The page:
Friday, November 13, 2015

Public Employee Unions and Higher Taxes

MP Can VA fire its way out of problems  This piece and the resulting comments raise some interesting points. Paul and I are disagreeing as often is the case, here are my views:
"I agree that there are many factors impacting the cost and quality of health care in America. One of them being Union collective bargaining and bureaucracy which drives up compensation (ie cost), sets work rules, often limits pay for performance, etc. I am not sure how anyone who says that Unions help employees get more compensation and job security can deny that they also increase costs to the tax payer or consumer?" G2A

"Now as for Unions increasing costs, of course they do or they would not be doing their job. (ie more money and security for all their workers)  
However you are correct that there are many other reasons why costs are high in America. (ie High Direct and Indirect Tort Cost, High End of Life Costs (ie try to save everyone), No Easy Low Cost Physician Assisted Suicide, Americans are Unhealthy (little exercise, bad diet, high obesity, etc), Highly government regulated system, Arduous Licensing and Training Requirements, etc)" G2A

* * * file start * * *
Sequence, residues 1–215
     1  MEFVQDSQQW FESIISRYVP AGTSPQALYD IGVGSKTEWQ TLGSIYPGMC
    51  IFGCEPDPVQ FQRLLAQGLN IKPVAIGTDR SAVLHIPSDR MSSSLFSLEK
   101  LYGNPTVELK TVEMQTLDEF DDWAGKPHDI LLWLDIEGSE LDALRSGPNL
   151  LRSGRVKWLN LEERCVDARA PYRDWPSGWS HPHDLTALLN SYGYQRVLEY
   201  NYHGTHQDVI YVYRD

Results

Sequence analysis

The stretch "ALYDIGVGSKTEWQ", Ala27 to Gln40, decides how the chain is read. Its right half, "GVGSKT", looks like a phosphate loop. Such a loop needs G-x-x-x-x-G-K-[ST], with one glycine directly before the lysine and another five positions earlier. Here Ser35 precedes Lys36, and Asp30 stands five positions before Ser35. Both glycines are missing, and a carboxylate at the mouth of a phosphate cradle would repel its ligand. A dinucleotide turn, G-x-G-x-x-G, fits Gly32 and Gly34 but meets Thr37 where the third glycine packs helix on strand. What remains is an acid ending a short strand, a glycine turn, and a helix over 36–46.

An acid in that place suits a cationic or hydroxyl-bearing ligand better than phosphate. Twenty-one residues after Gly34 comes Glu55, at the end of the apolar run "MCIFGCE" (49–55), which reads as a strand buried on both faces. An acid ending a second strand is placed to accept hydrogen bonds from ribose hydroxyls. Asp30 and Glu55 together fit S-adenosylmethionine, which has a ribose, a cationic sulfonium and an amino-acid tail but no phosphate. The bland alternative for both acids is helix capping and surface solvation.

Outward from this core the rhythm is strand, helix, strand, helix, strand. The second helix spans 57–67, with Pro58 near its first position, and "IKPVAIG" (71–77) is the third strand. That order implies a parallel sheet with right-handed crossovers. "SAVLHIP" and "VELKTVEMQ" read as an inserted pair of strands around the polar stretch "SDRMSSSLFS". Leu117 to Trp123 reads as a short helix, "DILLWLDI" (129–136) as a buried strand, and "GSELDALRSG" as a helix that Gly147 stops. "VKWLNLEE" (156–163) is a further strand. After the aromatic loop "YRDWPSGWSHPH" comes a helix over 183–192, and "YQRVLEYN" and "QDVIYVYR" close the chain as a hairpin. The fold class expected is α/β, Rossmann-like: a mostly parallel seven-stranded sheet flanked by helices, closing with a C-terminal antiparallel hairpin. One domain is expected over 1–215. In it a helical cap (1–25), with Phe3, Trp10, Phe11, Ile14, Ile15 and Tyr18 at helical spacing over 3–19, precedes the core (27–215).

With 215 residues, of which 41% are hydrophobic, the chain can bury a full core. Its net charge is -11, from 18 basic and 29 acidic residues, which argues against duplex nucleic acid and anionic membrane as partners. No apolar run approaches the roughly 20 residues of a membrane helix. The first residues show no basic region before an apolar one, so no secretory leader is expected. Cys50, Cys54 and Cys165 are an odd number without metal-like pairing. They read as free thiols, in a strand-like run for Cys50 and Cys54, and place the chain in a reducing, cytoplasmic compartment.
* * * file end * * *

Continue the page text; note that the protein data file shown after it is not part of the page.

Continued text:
Per Sean's recommendation, I have added "Excessive medical licensing requirements" to the list.
G2A American Healthcare Drivers


Laurie said...

I think public employee unions decrease the liklihood that public employees will be underpaid. Unions in most cases result in workers being paid fairly. With lower pay there would be much more turnonver and difficulty in filling posistions that affects the effectivness or the organization. Just to review, at my nonunion charter school out of 24 licensed teachers I am 2nd in seniority and I have been there 5 years. Many positions have seen the staff turn over multiple times and we are now into the 2nd quarter with 3 unfilled teaching positions due to lack of applicants.

John said...

I am sure that staffing a school with the demographics yours has is challenging usually. Now imagine if the union and their Democrat politicians let your schools have equitable funding to Mpls...

It is the Union that is limiting the funding to your school in order maintain their "near monopoly", power and those higher poorly distributed wages.

Laurie said...

I am pretty sure it is the legislature and not the union that sets the level of funding for charter schools. It seems likely to me that it would be GOP representatives most opposed to increasing the level of funding for charter schools. Did you know that in the most recent education bill charters only get 1/3 of the funding that traditional districts get to use towards extended school year. The kids at my school need summer school more than anybody, with our 15% MCA pass rate :(

John said...

Oh come now, who do you think is twisting the arms of the DFL politicians to not fund those non-union charter schools? (a group with 70,000+ voters and their spouses) It certainly isn't the GOP driving the funding disparity, they support school choice and want to break up the public school near monopoly.

Funding Disparity

jerrye92002 said...